Jason Lowe commented on YARN-2314:
While there is cache mismanagement going on as described above, a bigger issue
is how this cache interacts with the ClientCache in the RPC layer and how
Connection instances behave. Despite this cache's intent to try to limit the
number of connected NMs, calling stopProxy does *not* mean the connection and
corresponding IPC client thread is removed. Closing a proxy will only shutdown
threads if there are *no* other instances of that protocol proxy currently
open. See ClientCache.stopClient for details. Given that the whole point of
the ContainerManagementProtocolProxy cache is to preserve at least one
reference to the Client, the IPC Client stop method will never be called in
practice and IPC client threads will never be explicitly torn down as a result
of calling stopProxy.
As for Connection instances within the IPC Client, outside of erroneous
operation they will only shutdown if either they reach their idle timeout or
are explicitly told to stop via Client.stop, and the latter will never be
called in practice per above. That means the number of IPC client threads
lingering around is solely dictated by how fast we're connecting to new nodes
and how long the IPC idle timeout is. By default this timeout is 10 seconds,
and an AM running a wide-spread large job on a large, idle cluster can easily
allocate containers for and connect to all of the nodes in less than 10
seconds. That means we cam still have thousands of IPC client threads despite
ContainerManagementProtocolProxy's efforts to limit the number of connections.
In simplest terms this is a regression of MAPREDUCE-3333. That patch
explicitly tuned the IPC timeout of ContainerManagement proxies to zero so they
would be torn down as soon as we finished the first call. I've verified that
setting the IPC timeout to zero prevents the explosion of IPC client threads.
That's sort of a ham-fisted fix since it brings the whole point of the NM proxy
cache into question. We would be keeping the proxy objects around, but the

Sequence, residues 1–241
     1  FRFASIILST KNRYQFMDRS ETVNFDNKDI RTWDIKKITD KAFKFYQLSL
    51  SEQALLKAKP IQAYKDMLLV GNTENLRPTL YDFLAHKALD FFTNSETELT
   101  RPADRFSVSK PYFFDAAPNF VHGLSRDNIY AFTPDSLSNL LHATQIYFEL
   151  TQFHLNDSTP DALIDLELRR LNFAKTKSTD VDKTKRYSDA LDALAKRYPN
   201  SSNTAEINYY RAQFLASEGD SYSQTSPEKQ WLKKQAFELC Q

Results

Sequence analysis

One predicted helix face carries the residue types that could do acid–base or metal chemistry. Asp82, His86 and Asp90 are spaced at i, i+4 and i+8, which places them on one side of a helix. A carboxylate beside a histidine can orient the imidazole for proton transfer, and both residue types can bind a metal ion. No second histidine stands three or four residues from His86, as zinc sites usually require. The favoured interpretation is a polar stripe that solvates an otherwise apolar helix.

connection to the NM would need to be re-established each time we reused it.
Not sure the cache would be worth much at that point. If we want to explicitly
manage the number of outstanding NM connections without forcing the connections
to shutdown on each IPC call then I think we need help from the IPC layer
itself. As I mentioned above, I don't think there's an exposed mechanism to
close an individual connection of an IPC Client.
So to sum up, we can fix the cache management bugs described in the first
comment, but that alone will not prevent thousands of IPC client threads from
co-existing. We either need to set the IPC timeout to 0 (which brings the
utility of the NM proxy cache into question) or change the IPC layer to allow
us to close individual Client connections.
> ContainerManagementProtocolProxy can create thousands of threads for a large
> Key: YARN-2314
> URL: https://issues.apache.org/jira/browse/YARN-2314
> Project: Hadoop YARN
> Issue Type: Bug
> Components: client
> Affects Versions: 2.1.0-beta
> Reporter: Jason Lowe
> Priority: Critical
> ContainerManagementProtocolProxy has a cache of NM proxies, and the size of
> this cache is configurable. However the cache can grow far beyond the
> configured size when running on a large cluster and blow AM address/container
> limits. More details in the first comment.
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